Barriers and Expectations for Patients in Post-Osteoporotic Fracture Care in France: The EFFEL Study

Published:November 25, 2021DOI:


      • A large gap between real-world care of osteoporotic fractures and practice guidelines has been demonstrated. Although many reasons for this have been proposed, their relative importance is unknown.
      • This study identified potential barriers to care and expectations for care in individuals who had experienced osteoporotic fractures using a qualitative approach and then went on to rank these barriers and expectations in terms of importance to the patient using a best-worst scaling approach. This allowed the most important barriers to better care of patients with osteoporotic fractures to be identified.
      • The 2 most important barriers are a lack of patient information about osteoporosis and inadequate coordination of care. Strategies to overcome these barriers are proposed. Different patient groups have different perceptions and expectations and these need to be taken into account when implementing these strategies.



      This study aimed to quantify the relative importance of barriers to better secondary prevention of osteoporotic fractures and of care expectations expressed by patients with osteoporotic fractures in France.


      A qualitative exploration of potential barriers to care and expectations was undertaken through a systematic literature review and in-depth patients interviews. A list of 21 barriers and 21 expectations was identified. These were presented to 324 subjects with osteoporotic fractures, identified in a representative sample of the French population, in the form of best-worst scaling questionnaires. Patients rated the relative importance of the attributes, and arithmetic mean importance scores were calculated and ranked. A Bayesian hierarchical model was also performed to generate a relative importance score. Latent class analysis was performed to identify potential subgroups of patients with different response profiles.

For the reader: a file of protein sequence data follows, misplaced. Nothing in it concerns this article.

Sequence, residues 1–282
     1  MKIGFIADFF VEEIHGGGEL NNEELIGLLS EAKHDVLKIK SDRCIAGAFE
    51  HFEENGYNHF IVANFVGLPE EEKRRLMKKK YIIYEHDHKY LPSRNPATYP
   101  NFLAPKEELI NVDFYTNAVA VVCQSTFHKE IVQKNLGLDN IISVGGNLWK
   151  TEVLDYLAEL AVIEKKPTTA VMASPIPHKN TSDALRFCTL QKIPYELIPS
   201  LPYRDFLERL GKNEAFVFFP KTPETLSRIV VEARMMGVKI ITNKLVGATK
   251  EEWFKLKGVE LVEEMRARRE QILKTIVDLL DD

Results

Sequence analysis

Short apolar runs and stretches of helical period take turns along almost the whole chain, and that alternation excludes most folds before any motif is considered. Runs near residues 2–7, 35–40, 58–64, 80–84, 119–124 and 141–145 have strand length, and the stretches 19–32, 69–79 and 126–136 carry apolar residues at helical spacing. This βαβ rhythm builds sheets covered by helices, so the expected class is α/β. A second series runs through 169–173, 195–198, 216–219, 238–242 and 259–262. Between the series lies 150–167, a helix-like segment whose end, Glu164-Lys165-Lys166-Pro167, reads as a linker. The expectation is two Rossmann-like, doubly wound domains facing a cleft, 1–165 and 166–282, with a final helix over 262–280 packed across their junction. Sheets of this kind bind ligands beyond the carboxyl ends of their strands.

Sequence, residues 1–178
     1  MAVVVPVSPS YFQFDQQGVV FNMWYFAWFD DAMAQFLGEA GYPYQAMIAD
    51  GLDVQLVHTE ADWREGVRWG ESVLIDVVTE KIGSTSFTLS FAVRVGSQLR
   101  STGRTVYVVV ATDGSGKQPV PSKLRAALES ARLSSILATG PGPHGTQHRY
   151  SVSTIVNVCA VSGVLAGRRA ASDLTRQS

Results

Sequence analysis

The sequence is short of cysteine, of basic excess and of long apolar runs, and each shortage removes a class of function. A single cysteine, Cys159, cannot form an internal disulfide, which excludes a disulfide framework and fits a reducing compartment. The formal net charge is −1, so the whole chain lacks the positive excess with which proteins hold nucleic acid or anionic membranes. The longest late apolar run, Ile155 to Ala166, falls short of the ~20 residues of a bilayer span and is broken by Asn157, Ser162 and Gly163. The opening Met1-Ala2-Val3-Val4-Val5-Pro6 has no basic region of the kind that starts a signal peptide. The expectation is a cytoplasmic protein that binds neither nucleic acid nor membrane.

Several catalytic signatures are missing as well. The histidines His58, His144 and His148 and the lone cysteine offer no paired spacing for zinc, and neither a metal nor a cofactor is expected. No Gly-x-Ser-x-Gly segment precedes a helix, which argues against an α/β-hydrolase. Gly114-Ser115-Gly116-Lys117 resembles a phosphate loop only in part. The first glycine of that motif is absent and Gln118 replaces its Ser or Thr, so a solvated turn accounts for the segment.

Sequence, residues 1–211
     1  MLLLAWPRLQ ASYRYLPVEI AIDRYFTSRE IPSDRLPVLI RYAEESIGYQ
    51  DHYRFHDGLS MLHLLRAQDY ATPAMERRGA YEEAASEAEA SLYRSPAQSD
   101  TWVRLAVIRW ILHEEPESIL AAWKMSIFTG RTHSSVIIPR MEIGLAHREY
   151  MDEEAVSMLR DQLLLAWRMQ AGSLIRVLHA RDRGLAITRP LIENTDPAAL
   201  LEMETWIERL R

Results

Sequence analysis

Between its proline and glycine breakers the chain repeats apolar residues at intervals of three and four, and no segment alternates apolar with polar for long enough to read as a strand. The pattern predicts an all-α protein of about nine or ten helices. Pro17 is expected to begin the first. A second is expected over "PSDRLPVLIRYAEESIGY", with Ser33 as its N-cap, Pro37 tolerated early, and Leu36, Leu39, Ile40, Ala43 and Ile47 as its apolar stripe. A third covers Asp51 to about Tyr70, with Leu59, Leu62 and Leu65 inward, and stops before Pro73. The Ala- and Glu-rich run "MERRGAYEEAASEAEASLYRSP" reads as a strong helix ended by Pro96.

A total of 7 barriers were rated as the most important, relating to awareness of osteoporosis and coordination of care. The highest-ranked barrier, “my fracture is not related to osteoporosis,” was significantly more important than all the others (mean importance score 0.45; 95% confidence interval 0.33-0.56). A similar ranking of attributes was obtained with both the arithmetic and the Bayesian approach. For expectations, no clear hierarchy of attributes was identified. Latent class analysis discriminated 3 classes of respondents with significant differences in response profiles (the educated environmentalists, the unaware, and the victims of the system).


      Better quality of care of osteoporosis and effective secondary fracture prevention will require improvements in patient education, training of healthcare professionals, and coordination of care.


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